5 Star Wrestling Review (PS3)
Professional wrestling games are a bit odd. They must capture the spirit of a scripted form of entertainment, while providing a competitive experience with an undetermined outcome. You often change between promoter and athlete, scheduling matches which you then play in. Yet, despite these contradictions, I usually enjoy these titles, even though I am not an ardent follower of the real shows.
Enter 5 Star Wrestling, a PS3 digital title that seeks to recreate the pro wrestling experience. Like the genre’s big budget titles, this smaller game is full of inconsistencies. This time, however, they serve to make a rather dreadful experience.
First, it’s important to note that 5 Star Wrestling, made by Serious Parody, is itself a parody. There’s no WWE or other license. Instead, fictional wrestlers like Curtis Angel or Raging Andy Organ ape their real life counterparts in looks and move sets.
Unfortunately, the lack of any kind of story or career mode severely hampers how much parody can be had.
Once you select a character and perhaps chuckle at the punny names, you are in a relatively traditional wrestling game. Control-wise, the game plays it safe, mirroring what’s become standard in recent WWE games: timing-based counters, positional grapples, and meter triggered special moves.
Traditional doesn’t mean good, though. Gameplay is anything but smooth. While in the ring, there are a lot of clunky animations. Warping occurs, especially if your wrestler is attempting a move at an incorrect difference. Clipping is an issue, too. The models themselves look amateurish.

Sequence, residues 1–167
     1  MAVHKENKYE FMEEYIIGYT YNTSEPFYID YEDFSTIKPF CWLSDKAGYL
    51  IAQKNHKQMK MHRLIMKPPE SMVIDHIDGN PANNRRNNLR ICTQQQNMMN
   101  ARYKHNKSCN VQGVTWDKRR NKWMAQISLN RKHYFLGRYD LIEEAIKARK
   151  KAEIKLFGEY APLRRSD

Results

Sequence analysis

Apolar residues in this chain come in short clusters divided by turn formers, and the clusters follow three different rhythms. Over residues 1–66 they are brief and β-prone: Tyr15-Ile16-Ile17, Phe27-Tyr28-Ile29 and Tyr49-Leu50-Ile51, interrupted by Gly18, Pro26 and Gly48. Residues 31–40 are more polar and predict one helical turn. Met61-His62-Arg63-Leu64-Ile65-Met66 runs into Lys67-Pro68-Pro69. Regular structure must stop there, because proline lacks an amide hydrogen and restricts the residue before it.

Basically, this is one bad looking and playing game.
Things don’t get much better when discussing presentation. Everything feels pretty barren, from lifeless empty stands to the lack of any kind of commentary. Again, the game limits itself by not including entrances—another area ripe for parody.
The on-screen meters look and work well-enough. Context sensitive moves like finishers and pins are given proper control hints.
Again, with no long-term career or season mode, the game is really best experienced as a local multi-player button masher. There’s also no online play, which is unfortunate.
If you are considering this as a single-player title, there is Challenge Mode. Simply, you are given three tasks to accomplish during the course of a match. Completing a challenge will earn you points that can be used to buy new outfits and match types.
There is also a match rating system that rewards stars based on how you performed. This rating takes into account the variety and riskiness of moves performed, as well the types of wrestlers in the ring. This is probably the most interesting thing about 5 Star Wrestling, but again, it’s shackled by the poor gameplay.
Admittedly, there are an adequate number of options available for Exhibition matches and a few different wrestler types to become familiar with. But, unless you are set on playing through all of the challenges, there’s little here that will keep you coming back.
I know, I know…this is a small independent developer trying to refocus wrestling to the action on the mat, all while working without a license. Some slack should be cut, right?
I would agree with that argument if the game were reasonably priced, say around 5-10 dollars. This is, after all, a PS3 exclusive and not a new-gen effort.
However, 5 Star Wrestling costs an astounding $25. This discrepancy has to be considered when looking at the overall value of the game. Again, no online. No career mode. No character creation.
For comparison, a used copy of WWE All-Stars, one of last gen’s best wrestling titles, runs around $20.
And so, I can’t really recommend 5 Star Wrestling to anyone. The actual wrestling isn’t good. There’s very limited long-term value, especially when factoring in the cost and even the parody element, which has great potential, is extremely shallow.
5 Star Wrestling is anything but 5 Stars.
Score: 2.5 (Bad)